Monthly Archives: July 2017

On The Beat- with Graeme Simpson, Birse





Graeme Simpson


Graeme has been at Birse since 2015, following in the footsteps of legendary Dee ghillie, Doug Murray. Like most of the ghillies on the River, Graeme is a fishing nut and has fished many places in Europe and the States. He is also a highly qualified casting instructor and holds the prestigious AAPGAI Masters level qualification for the double handed rod. A sucker for punishment, he is currently studying for the single-handed award.



Evening light. Photo courtesy Thomas Christensen

I caught up with him recently to discuss the fishing at Birse. The beat has a rich variety of pools that offer plenty of fishing for the visiting anglers. One of the great things about the beat is that there is ample fishing in most water heights.
Alt Dhinnie

I know Graeme has a soft spot for this pool. It is a low water pool, ‘the lower the better’, he says. He likes it from 8”-1’6” on his gauge. Low water can often be accompanied by bright weather and Alt Dhinnie is always the first choice in these conditions. It is tree lined and in the morning, the sun is off it for longer than other pools and later in the day, it is the first pool to return to shade.

Upper Bridge

Upper Bridge is not a major pool on the beat but is worth a flick or two to see if there is a fish lurking. There are lots of eddies for the angler to contend with, so it’s not always fished as often as it should.



Graeme with visitors Thomas Christensen and Erwin Nielsen



Jetty is a favourite among Birse rods. It also fishes in a range of water heights- from around 6”, which is the absolute minimum, to 3’6”. Graeme feels it needs at least 10” to fish properly. As the water rises the fish push over to the Birse side and as it drops they move towards the north bank. It is a simple pool to read and when the water is up, the fish will rest there having pushed through the heavier streams below.
Red Rock
The neck of Red Rock, fishes best in lower water and the rest of the pool comes into its own as the water rises and it fishes down towards the trees near the tail of the pool. Graeme like 2’ on the gauge and reckons it fishes well up to around 4’. It is a deep pool and the fish can push tight into the Birse side, where they are often taken on the dangle.

Irrigation is a high water pool, “the bigger the better” says Graeme. The tail of the pool is transformed in high water, it is slow moving at lower levels. A water height of 2’6” and more, is ideal and as it rsies the fish will push more into the Birse side.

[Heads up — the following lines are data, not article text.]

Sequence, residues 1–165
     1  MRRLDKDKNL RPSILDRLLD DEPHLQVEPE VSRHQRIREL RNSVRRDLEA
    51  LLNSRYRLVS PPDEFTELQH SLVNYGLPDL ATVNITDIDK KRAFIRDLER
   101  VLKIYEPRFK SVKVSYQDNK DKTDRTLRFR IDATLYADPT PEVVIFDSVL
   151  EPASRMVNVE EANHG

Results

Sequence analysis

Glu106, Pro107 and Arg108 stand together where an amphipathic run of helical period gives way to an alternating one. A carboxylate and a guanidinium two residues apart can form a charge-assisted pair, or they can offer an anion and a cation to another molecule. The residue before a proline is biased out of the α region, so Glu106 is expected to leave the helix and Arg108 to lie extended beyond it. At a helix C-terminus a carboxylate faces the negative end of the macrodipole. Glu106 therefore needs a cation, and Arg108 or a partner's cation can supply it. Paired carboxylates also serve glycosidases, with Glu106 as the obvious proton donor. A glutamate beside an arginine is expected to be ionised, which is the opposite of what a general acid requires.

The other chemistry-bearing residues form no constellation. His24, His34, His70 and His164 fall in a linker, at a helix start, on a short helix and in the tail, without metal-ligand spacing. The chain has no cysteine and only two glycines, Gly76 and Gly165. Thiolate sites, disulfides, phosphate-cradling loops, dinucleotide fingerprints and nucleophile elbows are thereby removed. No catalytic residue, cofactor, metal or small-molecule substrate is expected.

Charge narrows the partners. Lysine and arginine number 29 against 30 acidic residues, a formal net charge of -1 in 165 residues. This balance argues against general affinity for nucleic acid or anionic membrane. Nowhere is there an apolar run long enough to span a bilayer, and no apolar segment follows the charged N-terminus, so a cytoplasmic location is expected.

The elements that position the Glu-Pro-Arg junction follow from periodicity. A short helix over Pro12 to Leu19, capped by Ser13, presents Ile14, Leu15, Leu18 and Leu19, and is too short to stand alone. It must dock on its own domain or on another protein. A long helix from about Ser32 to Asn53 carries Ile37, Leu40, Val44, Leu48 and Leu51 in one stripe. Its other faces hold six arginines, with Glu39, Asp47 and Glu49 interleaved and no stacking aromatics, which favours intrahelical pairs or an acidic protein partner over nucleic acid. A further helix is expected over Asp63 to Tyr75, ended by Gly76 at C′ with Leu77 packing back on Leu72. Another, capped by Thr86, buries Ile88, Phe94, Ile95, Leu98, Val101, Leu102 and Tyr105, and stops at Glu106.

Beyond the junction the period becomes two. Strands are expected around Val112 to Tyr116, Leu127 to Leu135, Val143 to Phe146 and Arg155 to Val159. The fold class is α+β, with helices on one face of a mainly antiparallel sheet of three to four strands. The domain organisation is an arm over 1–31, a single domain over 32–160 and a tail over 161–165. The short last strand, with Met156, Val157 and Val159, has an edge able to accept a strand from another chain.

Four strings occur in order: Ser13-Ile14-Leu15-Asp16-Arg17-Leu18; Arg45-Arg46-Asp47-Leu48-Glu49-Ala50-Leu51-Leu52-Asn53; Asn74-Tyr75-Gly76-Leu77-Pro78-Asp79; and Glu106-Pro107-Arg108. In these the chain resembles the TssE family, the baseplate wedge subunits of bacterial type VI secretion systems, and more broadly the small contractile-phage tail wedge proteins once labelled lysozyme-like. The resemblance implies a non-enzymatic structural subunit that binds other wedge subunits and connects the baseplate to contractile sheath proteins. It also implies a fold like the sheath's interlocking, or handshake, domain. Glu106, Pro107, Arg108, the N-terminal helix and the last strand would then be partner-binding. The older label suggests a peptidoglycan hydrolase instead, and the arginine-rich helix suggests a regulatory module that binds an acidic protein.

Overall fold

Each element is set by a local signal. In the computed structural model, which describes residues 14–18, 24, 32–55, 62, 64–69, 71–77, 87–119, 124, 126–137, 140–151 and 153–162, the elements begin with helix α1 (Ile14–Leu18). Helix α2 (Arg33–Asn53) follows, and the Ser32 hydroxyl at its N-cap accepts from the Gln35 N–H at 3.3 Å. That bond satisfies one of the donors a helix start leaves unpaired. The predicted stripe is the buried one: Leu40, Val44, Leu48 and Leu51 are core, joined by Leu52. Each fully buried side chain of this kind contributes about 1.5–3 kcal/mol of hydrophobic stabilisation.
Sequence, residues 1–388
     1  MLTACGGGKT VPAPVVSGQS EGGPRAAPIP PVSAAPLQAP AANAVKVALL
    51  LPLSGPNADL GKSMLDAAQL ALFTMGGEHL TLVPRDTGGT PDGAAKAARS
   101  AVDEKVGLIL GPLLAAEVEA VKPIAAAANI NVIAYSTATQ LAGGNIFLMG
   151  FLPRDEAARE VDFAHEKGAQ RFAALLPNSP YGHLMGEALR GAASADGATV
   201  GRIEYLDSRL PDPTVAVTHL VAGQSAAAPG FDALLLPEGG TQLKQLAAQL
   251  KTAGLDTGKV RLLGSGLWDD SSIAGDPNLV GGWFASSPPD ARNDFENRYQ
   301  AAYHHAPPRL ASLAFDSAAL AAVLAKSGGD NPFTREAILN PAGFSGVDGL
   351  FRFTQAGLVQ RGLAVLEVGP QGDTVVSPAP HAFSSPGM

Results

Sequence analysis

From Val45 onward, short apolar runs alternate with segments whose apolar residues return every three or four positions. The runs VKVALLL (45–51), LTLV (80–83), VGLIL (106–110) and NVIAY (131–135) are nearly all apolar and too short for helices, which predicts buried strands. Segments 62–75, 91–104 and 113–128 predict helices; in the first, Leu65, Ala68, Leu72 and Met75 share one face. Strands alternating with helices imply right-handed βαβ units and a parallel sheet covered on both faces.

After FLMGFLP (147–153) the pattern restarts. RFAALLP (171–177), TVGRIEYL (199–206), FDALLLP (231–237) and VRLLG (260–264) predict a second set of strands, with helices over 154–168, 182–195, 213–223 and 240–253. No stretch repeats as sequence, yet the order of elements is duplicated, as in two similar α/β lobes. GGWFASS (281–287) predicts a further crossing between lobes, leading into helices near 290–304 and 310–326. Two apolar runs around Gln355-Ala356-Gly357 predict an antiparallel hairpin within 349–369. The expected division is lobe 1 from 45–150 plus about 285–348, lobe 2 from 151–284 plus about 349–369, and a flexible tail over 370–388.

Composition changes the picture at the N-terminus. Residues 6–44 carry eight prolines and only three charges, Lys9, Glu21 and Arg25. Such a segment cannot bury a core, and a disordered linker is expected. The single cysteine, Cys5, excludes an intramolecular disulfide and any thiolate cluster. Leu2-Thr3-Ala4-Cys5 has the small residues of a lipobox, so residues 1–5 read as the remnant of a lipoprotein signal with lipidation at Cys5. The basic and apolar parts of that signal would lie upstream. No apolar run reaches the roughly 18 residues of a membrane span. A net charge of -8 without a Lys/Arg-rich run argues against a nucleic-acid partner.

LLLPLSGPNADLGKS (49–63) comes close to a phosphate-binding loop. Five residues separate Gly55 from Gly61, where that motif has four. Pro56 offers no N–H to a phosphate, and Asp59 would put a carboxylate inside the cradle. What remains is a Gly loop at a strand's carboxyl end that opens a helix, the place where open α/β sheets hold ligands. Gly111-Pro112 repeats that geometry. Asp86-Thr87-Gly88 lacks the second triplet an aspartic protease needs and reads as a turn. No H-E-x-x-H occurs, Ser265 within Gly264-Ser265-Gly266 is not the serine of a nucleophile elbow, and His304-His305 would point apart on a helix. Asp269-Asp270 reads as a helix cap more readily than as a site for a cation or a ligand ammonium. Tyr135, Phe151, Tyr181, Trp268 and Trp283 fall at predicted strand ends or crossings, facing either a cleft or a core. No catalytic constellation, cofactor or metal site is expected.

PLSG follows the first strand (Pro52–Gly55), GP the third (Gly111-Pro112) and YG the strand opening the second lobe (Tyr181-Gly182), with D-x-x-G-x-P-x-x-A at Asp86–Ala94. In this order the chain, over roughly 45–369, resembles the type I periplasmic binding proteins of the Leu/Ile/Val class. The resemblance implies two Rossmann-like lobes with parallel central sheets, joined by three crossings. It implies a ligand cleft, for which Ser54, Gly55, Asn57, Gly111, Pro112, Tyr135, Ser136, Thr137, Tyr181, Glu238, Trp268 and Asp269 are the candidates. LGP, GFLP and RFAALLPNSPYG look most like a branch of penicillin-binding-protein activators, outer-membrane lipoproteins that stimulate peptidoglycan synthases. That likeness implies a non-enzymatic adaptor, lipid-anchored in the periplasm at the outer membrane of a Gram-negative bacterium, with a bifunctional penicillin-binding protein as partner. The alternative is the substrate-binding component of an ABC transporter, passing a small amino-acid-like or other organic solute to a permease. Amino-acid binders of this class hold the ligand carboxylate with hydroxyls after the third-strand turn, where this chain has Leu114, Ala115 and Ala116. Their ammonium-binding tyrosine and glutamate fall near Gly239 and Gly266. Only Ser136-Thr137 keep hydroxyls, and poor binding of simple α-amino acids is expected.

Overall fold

Lummels is probably the best known of the pools at

Birse. It is the main holding pool on the beat and is a favourite spot for an early fish. The neck of the pool down the walkway will fish in lower water, but the rest of the pool needs a good push of water to bring out the best of it. A water height of between 1’6” and 2’6” is ideal. If the walkway is covered, it is probably too big to fish well.


Red Brae

This pool has changed a lot as a result of Storm Frank. It is a pool for running fish and Graeme reckons it fishes nicely, at 1’ plus on the gauge, from the steps down. The wading is challenging.


At 1’2” Belwade is perfect and can hold a lot of fish. From 1’8” and above, it becomes a little too ‘pushy’. At the neck, the flow is towards the north bank, but the flow opens out. It is not an early pool but can be productive from May onwards.


I like Cowdray, it is a long smooth glide, with the flow over to the north bank. From June on it really holds fish and fishes from 8” to 1’8”. It requires a delicate approach, casting the fly at a shallow angle and hovering over the fish.

Big Jetty

Big Jetty is a year-round pool, which fishes best in a big water. It can be particularly good in the back end. It has a fast neck and opens in a bell-like shape.


Quithel is another pool to have been affected by Storm Frank. It is now a narrow, fast stream, which fishes nicely at around 9”-10”. In a bigger water, the river spills over a gravel bar at the tail of Big Jetty which puts the pool out of order.


Trees fishes from 1’6” to around 2’6”. Graeme thiks 2” is ideal. The fish sit in the middle of the river, pushing over towards the south bank. Over wading can be an issue and Graeme’s advice is to follow the line of the dry stones so as to be certain of not wading where the fly should be fishing.


Island fishes under 2′ and is a touch too fast  at higher water levels. It can hold one or two fish and is often worst a quck run through


The March is at the bottom of the beat and while its a bit of a walk to get there, Graeme reckons “it is worth the trek.” It fishes from 1’8″ and lower.

Tackle and Favourite Flies



A small Lochy Shrimp



Graeme prefers to fish as small a fly as the conditions allow. He likes to encourage his guests to use their own judgement but is always ready with his own suggestions. He likes small flies with a touch of blue in them and counts the Nighthawk, Lochy Shrimp, Black Sheep and Crathie among his favourites.
Graeme is a pretty laid back character but if he has one bugbear, it is the apparent need for some rods to go as deep as possible as soon as possible. He likes to keep the fly higher in the water, only reaching for a heavy tip if conditions demand it.


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